Top 5 Storm Damage FAQs (Including): Do I need a tree removal permit to remove damaged trees?

Property owners in Central Texas are concerned about their trees following the recent ice storms. The certified arborists at Heritage Tree Care can provide you with up-to-date, knowledgeable answers to your questions.

storm damage tree permit needed to remove hazardous tree from ice storm

Trees damaged during February 2023 ice storm in Austin, Texas need tree permits for removal.

1. Will my tree die if it’s badly damaged?

 If your tree has tipped and the root ball is lifting out of the ground, it must be removed. However, even if the tree has suffered significant damage, it may survive with proper care. 

Property owners can trim hanging or badly damaged limbs just enough to lessen the branch’s weight. Then you can have an arborist assess the damage and complete proper pruning later.

Cleaning up storm damage is a multi-step process. First, arborists focus on hazards to life and property. Then they work through all the calls of damaged trees.

2. What do I do if a tree has fallen on my roof or is obstructing access to my building? 

Contact a qualified tree care company. A professional arborist should cut any large trees that are blocking access or are hazardous and take them off the building(s) safely. This process can be trickier than it looks because the stem can shift and move as the branches are removed. 

All the local tree companies are busy, so it’s essential to include the words ’emergency’ and ‘hazardous’ when you get in touch. Also, include a short description of the situation and send photos of the tree’s base and surrounding area. It helps them plan the removal if you show how close it is to any buildings, roads, and driveways so they can identify potential targets in case of a fall.

3. Could a damaged tree become a hazard? 

The safest thing is to hire an arborist trained with a Tree Risk Assessment Qualification to determine whether the tree is likely to fail and what the consequences are if it does fail. Qualified tree risk assessors have been trained with an internationally recognized standard, and they will help you decide.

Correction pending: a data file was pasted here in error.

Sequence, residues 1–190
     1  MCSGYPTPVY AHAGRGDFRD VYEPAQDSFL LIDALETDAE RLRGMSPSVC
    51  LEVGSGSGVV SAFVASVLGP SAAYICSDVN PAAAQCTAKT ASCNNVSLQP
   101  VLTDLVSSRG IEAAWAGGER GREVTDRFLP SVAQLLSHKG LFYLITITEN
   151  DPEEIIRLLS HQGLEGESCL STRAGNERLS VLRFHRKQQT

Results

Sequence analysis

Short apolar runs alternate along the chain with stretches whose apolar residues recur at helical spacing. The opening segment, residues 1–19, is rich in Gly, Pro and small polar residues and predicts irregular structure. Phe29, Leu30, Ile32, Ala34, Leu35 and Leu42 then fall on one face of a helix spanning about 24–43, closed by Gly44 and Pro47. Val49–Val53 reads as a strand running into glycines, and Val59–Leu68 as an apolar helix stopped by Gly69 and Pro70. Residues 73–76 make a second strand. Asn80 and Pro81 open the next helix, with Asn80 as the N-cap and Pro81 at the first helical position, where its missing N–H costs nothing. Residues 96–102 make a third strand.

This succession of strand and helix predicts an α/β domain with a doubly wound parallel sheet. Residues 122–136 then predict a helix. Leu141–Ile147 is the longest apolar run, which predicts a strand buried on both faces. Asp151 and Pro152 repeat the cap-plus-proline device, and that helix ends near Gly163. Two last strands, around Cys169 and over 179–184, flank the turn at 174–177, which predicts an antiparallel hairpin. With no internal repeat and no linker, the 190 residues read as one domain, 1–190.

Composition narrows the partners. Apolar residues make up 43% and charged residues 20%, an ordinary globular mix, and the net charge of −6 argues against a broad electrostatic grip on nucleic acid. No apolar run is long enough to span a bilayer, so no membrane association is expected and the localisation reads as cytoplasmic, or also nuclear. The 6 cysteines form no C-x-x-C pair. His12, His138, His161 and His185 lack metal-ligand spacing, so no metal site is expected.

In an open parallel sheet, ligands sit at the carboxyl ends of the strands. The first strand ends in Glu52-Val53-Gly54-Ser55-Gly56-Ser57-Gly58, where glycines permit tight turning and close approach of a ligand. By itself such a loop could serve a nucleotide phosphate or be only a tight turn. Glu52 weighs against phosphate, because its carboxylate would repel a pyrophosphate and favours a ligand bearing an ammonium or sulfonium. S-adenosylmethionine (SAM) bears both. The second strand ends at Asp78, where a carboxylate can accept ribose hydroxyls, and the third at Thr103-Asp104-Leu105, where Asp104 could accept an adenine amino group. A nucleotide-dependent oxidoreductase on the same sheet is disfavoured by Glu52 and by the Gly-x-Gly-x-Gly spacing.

oak grove with limbs scattering on the ground from ice storm causing tree damage

Oak grove with scattered broken branches from ice storm.

4. Do I need a permit to remove severely damaged protected or heritage trees?

Each municipality has its own rules. For example, in Austin, if the tree is on a residential property and has a diameter of 19 inches or more at chest height, or 8 inches or more on a commercial site, you will need a permit.

The City of Austin allows an arborist or property owner to complete an emergency tree removal of a tree that’s creating an immediate hazard. However, you still need to apply for a free, retroactive tree permit within seven days. Your request should be submitted as a Tree Ordinance Review Application (TORA). 

Before removing the tree, you must document the situation with photos showing the storm’s damage. Document the size of the tree by measuring its diameter at four to five feet above the root flare. 

Check with your local government for the rules if you are outside Austin city limits.

5. After the storm

Once the immediate hazards are addressed, make an appointment with a Certified Arborist to assess your damaged trees. 

The storm damage is tragic for everyone who appreciates trees’ shade, beauty, and environmental benefits. However, it’s also an excellent reminder to develop a relationship with your local arborist. Healthy trees are more likely to survive storms, disease, and insects, and regular care creates resilient trees.

The Central Texas landscape will look different for a while, but the trees will come back. Remember, we need patience—tree time is slow time.

If you would like to schedule an appointment with one of our experienced arborists, please get in touch with us through our website. 



Trees Enhance Our Lives

For the arborists of Heritage Tree Care, trees are more than a business- they’re our passion. You will find us contributing our time and expertise to the communities we serve; planting trees, educating children, or speaking at local clubs and events. Trees are an investment in our future—let’s care for them together.

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Office Address:
5424 W US Hwy 290 Service Rd #204-9, Austin, TX 78735

Mailing Address:
12214 Margo Dr., Buda, TX 78610

Serving Central Texas Since 2010

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